Did the Super Bowl pull at heart strings?
Super Bowl ads are notorious for being outrageous, comical, and sexy. This year marketers upped the ante with a much broader range of emotions aimed at targeting specific viewers. The historically provocative tone seemed understated as many brands focused on targeting families, giving way to #dadvertising as a common theme this year. However, it wouldn’t be the Super Bowl without a controversial ad like the fear-provoking Nationwide commercial featuring a little boy who was killed in an accident. Super Bowl XLIX proved to be one of the best brand bowls in a long time. Advertisers tugged on our heart strings, made us laugh, and even scared us a bit.
Here’s a few standouts from each category:
Feel Good Ads
Brands like Microsoft, Toyota, and Budweiser used sentimental stories to grab viewers’ attention and evoke an emotional connection. While this approach seemed effective for these brands; other brands took a more direct approach using emotional appeal to encourage a specific action or inspire change. Coca-Cola used its air time to promote a social campaign for ending internet negativity. Perhaps one of the most inspirational ads of the day came from the feminine care brand, Always. The #LikeAGirl campaign gained instant social traction among athletes, media reporters, and other public figures.
Dodge, Fiat, and Doritos helped lighten the mood during commercial breaks with a more humorous approach. Dodge effectively used a mix of emotional appeal and humor to celebrate their 100 year anniversary. The ad featuring wisdom from 100 year old men and women begins with sentimental tidbits like “live for now” and “always tell the truth” but transitions into more crude advice like “tell it like it is” and “don’t bitch.” This one made us feel good while also making us laugh. Fiat has been known to create funny commercials featuring celebrities and iconic characters such as Godzilla, so it’s no surprise that the Fiat 500X ad was one of the funniest of the day.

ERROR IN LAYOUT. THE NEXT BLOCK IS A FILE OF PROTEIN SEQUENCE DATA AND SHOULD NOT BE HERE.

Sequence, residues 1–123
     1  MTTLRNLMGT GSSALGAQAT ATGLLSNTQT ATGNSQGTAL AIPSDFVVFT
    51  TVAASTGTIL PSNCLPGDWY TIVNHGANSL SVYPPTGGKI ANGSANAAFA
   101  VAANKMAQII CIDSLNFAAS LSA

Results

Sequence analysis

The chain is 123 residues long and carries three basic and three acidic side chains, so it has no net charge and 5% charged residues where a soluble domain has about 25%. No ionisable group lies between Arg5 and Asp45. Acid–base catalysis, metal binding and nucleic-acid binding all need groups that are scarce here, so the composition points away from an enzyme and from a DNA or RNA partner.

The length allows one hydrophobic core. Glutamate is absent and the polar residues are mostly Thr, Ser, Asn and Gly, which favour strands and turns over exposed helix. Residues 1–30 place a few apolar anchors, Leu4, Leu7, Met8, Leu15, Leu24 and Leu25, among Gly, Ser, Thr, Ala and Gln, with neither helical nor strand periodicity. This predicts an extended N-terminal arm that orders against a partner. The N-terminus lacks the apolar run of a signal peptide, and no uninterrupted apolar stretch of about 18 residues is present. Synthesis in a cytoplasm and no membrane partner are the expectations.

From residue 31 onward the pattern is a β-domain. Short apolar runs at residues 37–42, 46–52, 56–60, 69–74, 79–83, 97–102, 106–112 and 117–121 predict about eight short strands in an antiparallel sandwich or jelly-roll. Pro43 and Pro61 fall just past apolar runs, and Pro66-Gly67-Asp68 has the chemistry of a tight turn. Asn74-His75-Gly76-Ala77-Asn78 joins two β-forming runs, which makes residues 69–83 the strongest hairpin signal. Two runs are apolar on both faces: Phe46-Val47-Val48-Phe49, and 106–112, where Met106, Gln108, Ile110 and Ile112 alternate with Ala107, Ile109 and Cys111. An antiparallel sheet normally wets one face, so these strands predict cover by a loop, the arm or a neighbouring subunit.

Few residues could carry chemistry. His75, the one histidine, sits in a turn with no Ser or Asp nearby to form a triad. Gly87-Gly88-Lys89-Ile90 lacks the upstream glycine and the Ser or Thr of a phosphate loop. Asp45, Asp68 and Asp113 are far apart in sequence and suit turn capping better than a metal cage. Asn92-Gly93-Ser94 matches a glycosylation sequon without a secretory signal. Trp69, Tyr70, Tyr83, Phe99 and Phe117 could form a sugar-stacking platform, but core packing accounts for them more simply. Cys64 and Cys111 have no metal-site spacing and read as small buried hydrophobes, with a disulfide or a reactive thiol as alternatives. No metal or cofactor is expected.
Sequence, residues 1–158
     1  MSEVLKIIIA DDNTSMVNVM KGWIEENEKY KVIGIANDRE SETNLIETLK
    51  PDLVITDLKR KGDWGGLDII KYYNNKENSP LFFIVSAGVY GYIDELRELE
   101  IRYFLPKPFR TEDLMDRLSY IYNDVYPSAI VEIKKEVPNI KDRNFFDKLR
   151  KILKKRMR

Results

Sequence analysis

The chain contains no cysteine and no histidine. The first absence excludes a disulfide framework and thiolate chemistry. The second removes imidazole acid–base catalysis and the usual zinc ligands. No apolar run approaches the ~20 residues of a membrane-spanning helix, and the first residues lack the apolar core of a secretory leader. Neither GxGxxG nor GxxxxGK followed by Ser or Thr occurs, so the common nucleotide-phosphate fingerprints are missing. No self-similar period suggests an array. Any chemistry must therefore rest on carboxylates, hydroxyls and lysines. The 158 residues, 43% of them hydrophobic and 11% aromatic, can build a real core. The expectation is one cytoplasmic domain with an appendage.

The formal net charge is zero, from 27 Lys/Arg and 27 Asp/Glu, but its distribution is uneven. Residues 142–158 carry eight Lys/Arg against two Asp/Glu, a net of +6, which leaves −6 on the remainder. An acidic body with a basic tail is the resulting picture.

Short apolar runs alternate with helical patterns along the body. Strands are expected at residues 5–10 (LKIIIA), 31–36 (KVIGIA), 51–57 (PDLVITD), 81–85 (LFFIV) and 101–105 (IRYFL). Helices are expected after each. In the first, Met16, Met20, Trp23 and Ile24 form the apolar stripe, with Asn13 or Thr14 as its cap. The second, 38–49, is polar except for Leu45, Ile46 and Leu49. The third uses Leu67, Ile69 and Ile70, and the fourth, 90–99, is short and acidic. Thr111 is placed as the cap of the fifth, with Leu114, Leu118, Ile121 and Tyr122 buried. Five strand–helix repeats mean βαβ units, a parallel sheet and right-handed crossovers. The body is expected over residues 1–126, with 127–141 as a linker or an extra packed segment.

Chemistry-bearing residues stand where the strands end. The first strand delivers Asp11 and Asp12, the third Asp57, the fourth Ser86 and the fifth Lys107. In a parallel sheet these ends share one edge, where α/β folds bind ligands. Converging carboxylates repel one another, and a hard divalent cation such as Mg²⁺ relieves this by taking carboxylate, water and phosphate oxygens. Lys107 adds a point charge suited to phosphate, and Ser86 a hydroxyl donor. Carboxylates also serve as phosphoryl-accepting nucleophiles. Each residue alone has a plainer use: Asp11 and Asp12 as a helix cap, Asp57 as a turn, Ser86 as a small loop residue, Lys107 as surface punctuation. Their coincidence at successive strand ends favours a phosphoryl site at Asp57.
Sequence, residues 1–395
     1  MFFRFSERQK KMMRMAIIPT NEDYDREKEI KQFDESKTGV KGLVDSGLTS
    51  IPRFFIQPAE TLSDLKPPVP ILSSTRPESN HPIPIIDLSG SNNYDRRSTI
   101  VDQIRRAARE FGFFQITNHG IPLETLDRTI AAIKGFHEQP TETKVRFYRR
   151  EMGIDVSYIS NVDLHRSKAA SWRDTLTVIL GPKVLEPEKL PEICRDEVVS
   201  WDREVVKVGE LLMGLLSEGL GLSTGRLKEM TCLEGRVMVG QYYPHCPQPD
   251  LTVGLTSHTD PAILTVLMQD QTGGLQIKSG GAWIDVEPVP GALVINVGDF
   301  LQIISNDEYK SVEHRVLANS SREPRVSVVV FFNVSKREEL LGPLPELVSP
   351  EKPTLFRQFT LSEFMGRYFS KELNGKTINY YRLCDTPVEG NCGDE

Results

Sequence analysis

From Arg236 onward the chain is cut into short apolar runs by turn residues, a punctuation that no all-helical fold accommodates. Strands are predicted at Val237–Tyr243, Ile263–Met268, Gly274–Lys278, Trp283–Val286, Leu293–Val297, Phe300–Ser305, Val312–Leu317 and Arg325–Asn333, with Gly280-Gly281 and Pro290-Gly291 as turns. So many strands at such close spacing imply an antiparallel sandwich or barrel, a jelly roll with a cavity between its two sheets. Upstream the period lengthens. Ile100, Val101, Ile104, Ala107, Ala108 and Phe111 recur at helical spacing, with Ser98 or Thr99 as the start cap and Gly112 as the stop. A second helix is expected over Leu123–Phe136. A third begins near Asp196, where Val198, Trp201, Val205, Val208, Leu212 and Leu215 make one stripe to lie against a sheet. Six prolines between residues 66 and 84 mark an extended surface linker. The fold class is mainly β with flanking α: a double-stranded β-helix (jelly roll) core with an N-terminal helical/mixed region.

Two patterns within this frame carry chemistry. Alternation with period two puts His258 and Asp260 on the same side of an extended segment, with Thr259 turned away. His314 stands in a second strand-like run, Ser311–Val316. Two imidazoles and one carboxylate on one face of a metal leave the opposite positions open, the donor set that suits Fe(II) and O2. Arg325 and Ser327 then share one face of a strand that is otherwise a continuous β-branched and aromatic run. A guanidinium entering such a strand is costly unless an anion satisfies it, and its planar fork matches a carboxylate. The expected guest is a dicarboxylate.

Fear Based Ads
Nationwide sparked controversy with its somber ad about childhood deaths caused by preventable accidents. The company used fear based tactics to target parents whose primary concern is their children’s’ safety. Interesting to see such a polar approach from their humorous ad in the first half showcasing “Invisible Mindy.” Nissan also took a little flak for its #withdad commercial that shows a wife and young son helplessly watching the TV as the dad narrowly survives a racing accident. Although both of these brands may have had good intentions, the fear based approach seemed to be off-putting in the mix of an overwhelmingly feel good theme this year, igniting a trended topic on #sadvertising.